But there wasn’t anybody else – the school I went to was a training ground for thugs, and Teddy boy central, in Salford. We had to go to another school to do woodwork; there were no facilities what so ever. But for some reason this guy installed a love for poetry across the whole class. Not just me but everyone got the bug for poetry because of him!
And it was all 19th-century stuff, Byron, Keats, Shelly… And then in translation later I was introduced to the works of Charles Baudelaire. That was a real eye-opener for me… So I fell in love with the life of a poet. He started out rich but then squandered a fortune.
I think the main thing you need to be a poet, more than money, although money buys you this, is idleness.


Because you got to kick things around. Yer, yer, yer, idleness – the main requirement.

And are you idyll?

I have been seeking out idleness my whole life as a result of becoming a poet. Idleness is your friend!

I agree, I usually use the word ‘drifting’.

Drifting too, yer. I guess travel leads to long periods of idleness.

It does, I always think it’s a massive misconception when people say it’s a negative to be a drifter – “Oh, he just drifts around…” Well I think it’s quite great to be a drifter.

Yer, it’s fabulous!

I’ve noticed when reading your book that you don’t use capital letters or full stops.

I didn’t then, you see, but I do that now. It’s a pretty wanky thing to do. You know what I mean? I’m really embarrassed about that now. “No capital letters – who do you think you are? E. E. Cummings?” Its not even that ordinal – I just thought – Oh, I like that! Oh great, that’s cutting edge! But that was 30 years ago.

Well it’s still in the book!

Yer, right – go buy it – don’t let me put you off. Some of it’s alright!

I thought maybe the no full stops and capital letters thing was referring to what you were talking about before, a poem is never finished it is just abandoned.

Too much commitment… No I guess it is very important to punctuate things properly. There was a lot of talk about doing away with the apostrophe, wasn’t there a while back? But I will give you an example where it’s really important to have one. There used to be a butcher in Scotland and they used to make their own sausages. There was a sign on the wall, painted from the 1920s. And it said “Mactavrish Sausages – we’re the best!” and over the years the apostrophe had worn off so it now says, “Mactavrish Sausages were the best.” So there’s an example where an apostrophe is very important, otherwise your giving out entirely the wrong message about your sausages.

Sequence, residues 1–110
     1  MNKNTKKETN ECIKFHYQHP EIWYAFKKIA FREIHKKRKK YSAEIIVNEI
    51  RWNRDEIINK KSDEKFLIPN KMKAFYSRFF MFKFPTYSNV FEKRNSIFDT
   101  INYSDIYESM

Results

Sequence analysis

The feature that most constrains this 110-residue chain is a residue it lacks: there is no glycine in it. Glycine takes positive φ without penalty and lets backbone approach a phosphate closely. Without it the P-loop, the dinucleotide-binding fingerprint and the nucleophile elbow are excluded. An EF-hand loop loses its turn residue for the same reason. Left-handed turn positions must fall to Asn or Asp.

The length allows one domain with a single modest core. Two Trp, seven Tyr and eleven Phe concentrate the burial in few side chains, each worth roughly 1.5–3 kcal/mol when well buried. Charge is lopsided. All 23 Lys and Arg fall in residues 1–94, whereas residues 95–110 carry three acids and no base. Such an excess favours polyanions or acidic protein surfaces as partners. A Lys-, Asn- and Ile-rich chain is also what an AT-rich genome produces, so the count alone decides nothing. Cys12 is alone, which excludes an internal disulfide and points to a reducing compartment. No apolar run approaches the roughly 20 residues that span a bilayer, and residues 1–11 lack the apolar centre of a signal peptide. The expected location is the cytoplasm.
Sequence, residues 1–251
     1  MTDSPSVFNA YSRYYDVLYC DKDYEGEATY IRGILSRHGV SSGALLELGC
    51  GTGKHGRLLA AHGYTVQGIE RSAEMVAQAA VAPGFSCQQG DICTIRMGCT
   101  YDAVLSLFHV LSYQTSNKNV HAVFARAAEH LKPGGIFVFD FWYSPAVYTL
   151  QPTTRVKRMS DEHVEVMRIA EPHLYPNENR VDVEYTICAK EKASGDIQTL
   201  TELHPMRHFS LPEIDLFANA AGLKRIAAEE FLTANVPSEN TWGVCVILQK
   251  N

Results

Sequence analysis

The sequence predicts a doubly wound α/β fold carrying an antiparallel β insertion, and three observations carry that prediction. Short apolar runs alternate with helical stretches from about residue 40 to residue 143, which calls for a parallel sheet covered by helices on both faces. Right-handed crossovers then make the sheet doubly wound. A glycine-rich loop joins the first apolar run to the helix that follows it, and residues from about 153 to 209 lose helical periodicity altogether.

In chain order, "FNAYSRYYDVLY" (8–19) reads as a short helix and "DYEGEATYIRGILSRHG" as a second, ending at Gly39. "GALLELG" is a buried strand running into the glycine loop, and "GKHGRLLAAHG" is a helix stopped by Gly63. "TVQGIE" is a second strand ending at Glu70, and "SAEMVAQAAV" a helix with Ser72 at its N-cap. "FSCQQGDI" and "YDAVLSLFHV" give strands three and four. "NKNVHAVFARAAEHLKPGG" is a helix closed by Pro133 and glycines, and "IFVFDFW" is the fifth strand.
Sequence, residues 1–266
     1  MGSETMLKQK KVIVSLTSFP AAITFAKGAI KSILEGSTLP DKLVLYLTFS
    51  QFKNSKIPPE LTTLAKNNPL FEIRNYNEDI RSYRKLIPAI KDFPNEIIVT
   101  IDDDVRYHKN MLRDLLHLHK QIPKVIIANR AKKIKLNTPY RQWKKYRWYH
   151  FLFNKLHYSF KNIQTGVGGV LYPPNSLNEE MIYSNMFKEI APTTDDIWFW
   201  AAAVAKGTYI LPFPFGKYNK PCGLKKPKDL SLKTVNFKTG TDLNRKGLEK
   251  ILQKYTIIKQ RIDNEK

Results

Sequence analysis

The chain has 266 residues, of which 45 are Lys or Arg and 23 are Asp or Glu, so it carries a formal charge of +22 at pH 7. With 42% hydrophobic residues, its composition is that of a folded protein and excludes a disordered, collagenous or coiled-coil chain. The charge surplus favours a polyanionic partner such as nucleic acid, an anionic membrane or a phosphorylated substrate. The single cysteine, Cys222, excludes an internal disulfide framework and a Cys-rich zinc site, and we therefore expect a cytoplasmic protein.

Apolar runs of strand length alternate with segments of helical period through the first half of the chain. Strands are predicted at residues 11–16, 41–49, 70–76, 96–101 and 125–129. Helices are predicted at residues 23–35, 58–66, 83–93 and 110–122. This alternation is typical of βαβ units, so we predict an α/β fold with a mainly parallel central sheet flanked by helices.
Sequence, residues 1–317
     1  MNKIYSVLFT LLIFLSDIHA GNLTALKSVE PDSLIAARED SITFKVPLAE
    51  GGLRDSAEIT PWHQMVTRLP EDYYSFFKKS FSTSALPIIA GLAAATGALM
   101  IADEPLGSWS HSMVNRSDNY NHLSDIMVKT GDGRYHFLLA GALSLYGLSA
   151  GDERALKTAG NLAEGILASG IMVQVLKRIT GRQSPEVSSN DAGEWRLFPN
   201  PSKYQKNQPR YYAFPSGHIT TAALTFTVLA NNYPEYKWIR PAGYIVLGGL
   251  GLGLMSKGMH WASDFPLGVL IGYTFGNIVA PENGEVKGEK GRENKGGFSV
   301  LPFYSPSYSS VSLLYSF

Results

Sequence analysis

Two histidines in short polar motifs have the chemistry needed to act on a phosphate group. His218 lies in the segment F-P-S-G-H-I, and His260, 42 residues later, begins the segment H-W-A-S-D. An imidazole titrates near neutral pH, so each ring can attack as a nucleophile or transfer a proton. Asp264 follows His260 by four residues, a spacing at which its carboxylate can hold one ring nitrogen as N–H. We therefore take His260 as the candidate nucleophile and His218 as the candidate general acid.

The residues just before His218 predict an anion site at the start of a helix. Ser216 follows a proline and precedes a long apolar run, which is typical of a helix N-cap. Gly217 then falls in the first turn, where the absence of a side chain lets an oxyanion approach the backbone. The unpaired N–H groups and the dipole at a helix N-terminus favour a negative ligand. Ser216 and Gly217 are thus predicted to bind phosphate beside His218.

Haha! Let’s talk about your personal style; I am sure you get this a lot.

I call it damage limitation – you call it personal style. There is only so much I can pull off.

I think you pull it off pretty well. You’ve always had a similar kind of look…

Well, that’s just it – if it ain’t broke, why fix it? And when you get to my age you have kind of narrowed it down to what you can and cannot get away with.
I have never been better off for clothes, I get up and get dressed much quicker. I used to have to give it a lot more thought. I would describe my dressing as careful!

Something in the black base?

Yer, let’s say a limited palate – it comes from the capsule wardrobe, because a lot of time I’ve had to use public transport when going to shows over the years so I’ve had to perfect the capsule wardrobe. The kind of mix and match and it will never look wrong. Otherwise I would be carrying three suitcases, on my own. I dress the way a kind of travelling salesman might work it out, or something.

I always say practicality is key.

Exactly. Lots of accessories, ties, scarves, pocket-handkerchiefs.

Do lots of fashion brands want to dress you?

I’ve had a few offers but they never follow them up for some reason! They are always very enthusiastic but then I never hear from them again. I blame the fact that I don’t have a mobile phone.

Or an email? I guess after a while people just give up.

Yer, screw this, I will just get Nick Cave!